Union Insanity on Display
What amazes me in all this is the implicit admission that under union rules, the teachers kept the longest are not necessarily the best teachers. In fact, teacher's unions are admitting that their rules are designed to protect inferior teachers. If, as Gov Haslam suggests, teacher retention were based on teacher performance, then by definition, the teachers with the most seniority would also be the best teachers.
I don't know precisely how the liberal mind works, but to me, a system which automatically rewards and protects the best teachers is the one I would like to see used in our schools instead of the one that by design protects the weaker teachers. Then again, I'm funny that way. I believe that the purpose of schools is to educate our children, not to provide jobs for those who can't do anything else.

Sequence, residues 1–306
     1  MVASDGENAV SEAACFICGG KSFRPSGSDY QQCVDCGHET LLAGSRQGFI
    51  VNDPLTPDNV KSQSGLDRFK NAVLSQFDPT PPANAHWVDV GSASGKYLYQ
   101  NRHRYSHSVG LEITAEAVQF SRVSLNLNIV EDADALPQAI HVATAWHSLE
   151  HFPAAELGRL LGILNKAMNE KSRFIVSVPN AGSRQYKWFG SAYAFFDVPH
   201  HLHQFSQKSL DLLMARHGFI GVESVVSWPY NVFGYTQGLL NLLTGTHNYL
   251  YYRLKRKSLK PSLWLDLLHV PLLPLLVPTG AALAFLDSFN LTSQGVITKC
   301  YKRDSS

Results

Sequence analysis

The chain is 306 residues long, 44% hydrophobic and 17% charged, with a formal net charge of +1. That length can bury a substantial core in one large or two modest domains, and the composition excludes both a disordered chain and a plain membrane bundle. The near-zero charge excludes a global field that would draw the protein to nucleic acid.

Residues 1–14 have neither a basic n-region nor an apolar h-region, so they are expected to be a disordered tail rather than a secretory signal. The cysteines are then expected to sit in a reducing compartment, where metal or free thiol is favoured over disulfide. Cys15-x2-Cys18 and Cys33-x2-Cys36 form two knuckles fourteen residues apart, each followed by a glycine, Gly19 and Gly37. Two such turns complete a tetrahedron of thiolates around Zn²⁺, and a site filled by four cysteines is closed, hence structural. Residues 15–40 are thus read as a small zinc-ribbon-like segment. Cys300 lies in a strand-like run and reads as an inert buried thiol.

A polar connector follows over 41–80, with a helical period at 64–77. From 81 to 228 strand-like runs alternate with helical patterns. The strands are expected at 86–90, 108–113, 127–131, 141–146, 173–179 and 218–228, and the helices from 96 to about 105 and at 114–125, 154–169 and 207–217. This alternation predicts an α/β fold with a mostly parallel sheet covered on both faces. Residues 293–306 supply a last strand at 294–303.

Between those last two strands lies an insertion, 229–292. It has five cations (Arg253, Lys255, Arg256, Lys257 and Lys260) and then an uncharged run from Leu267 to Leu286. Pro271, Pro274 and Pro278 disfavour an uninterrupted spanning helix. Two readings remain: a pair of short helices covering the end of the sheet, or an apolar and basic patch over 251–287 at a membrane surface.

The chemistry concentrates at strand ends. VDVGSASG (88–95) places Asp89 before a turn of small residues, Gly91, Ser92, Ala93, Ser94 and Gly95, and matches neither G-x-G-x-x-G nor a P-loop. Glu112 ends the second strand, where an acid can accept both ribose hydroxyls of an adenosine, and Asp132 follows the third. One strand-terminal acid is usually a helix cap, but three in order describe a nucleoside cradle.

And before you go off on a rant about how many good teachers there are out there, and how dare I attack them, re-read the post. I'm not attacking teachers; I'm attacking their union, and I'm attacking those specific teachers who are more concerned about their seniority than about whether or not their pupils are performing to their full potential. I work in the real world. If I don't produce; I'm out of a job, regardless of how long I've been working there.
Why should teachers be any different?
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